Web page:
• Psychological services
  • Service coordination
  • Sign language and cued language services
  • Social work services
  • Special instruction
  • Speech language pathology services
  • Transportation and related costs
  • Vision services
  • Other services

Understanding the Early Intervention Services Process

An Overview for Parents

The chart below offers an overview of the early intervention services process. It is not designed to show all of the steps or the specific details. It shows what happens from the time the child is referred for evaluation through the child’s transitions at age 3. The process begins when someone (parent, family member, childcare provider, doctor) makes a referral for an initial evaluation. (An explanation of each numbered area follows the chart moving toward receiving services.)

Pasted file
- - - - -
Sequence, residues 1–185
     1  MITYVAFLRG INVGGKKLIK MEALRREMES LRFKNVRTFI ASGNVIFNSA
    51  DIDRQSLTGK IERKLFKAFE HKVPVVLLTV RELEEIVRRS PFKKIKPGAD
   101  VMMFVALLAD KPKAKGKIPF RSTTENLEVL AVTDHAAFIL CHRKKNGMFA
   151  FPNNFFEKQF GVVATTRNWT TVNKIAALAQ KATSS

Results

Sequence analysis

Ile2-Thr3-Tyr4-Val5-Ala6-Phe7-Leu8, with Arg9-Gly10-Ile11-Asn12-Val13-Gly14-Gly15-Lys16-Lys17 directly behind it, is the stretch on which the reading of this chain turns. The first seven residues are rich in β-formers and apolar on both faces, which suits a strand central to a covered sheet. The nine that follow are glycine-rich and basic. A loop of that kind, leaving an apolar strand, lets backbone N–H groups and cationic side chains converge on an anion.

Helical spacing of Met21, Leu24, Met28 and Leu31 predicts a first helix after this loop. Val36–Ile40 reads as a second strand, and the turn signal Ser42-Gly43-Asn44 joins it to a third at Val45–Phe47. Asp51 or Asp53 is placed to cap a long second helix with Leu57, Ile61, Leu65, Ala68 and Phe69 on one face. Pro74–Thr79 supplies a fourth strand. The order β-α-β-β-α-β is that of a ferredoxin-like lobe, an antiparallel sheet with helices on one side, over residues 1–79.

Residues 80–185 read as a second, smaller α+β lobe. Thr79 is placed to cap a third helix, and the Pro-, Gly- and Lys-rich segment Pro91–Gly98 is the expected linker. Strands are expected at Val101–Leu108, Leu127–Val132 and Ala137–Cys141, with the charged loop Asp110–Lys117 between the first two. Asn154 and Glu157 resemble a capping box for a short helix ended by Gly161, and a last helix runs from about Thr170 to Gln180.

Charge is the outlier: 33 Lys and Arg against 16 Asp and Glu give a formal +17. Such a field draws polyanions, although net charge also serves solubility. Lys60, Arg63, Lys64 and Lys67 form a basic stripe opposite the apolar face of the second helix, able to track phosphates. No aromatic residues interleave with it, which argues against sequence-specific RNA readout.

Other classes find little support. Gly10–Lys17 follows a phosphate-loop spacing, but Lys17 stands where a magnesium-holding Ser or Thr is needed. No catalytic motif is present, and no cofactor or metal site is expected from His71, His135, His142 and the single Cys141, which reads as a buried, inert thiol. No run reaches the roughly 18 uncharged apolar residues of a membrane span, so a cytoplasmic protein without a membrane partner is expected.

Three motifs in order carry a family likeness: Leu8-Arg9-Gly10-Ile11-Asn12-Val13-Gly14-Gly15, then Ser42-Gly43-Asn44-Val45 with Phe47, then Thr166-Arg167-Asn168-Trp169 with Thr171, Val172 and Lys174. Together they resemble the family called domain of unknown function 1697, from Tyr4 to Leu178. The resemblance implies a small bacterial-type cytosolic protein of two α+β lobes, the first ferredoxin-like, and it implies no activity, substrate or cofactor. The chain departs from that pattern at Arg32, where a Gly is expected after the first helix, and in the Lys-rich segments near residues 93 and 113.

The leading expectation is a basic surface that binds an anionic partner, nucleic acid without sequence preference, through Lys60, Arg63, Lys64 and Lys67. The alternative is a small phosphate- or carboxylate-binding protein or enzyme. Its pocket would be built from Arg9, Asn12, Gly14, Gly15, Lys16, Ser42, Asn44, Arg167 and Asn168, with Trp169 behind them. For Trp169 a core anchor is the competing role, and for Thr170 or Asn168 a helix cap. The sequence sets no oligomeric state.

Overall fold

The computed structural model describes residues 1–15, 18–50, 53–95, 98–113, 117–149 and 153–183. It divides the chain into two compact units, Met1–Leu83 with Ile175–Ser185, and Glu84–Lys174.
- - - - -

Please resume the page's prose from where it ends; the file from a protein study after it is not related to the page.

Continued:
Image is a flow chart with arrows that point to appropriate steps based on the situation. Step 1: Parents or others make a referral to the early intervention system (points down to step 2). Step 2: Intake/screening (points down to step 4). Step 4: Evaluation and assessment completed. Eligibility decision is made (points down to step 7).  Step 3 (to the right of step 2): Screening indicates typical development (points down to step 5). Step 5: Not eligible (points down to step 6). Step 6: Parents disagree (doesn't point anywhere). Step 8: IFSP developed. IFSP may be revised (points right to Step 10: Parents Disagree, which points left to step 8. Then points down to step 9). Step 9: Parents agree (points down to step 11). Step 11: 6-month IFSP review (points down to step 12). Step 12: Annual IFSP meeting (points right to Step 13: Parents Disagree, which points left to step 12. Then points down to step 14). Step 14: Parents agree (points down to step 15). Step 15: Transition at age 3 (end of flow chart).

How the Process Works (Steps)

  1. Parents, family members, doctors, hospitals, public health nurses, or childcare providers—all can refer a child to an early intervention program.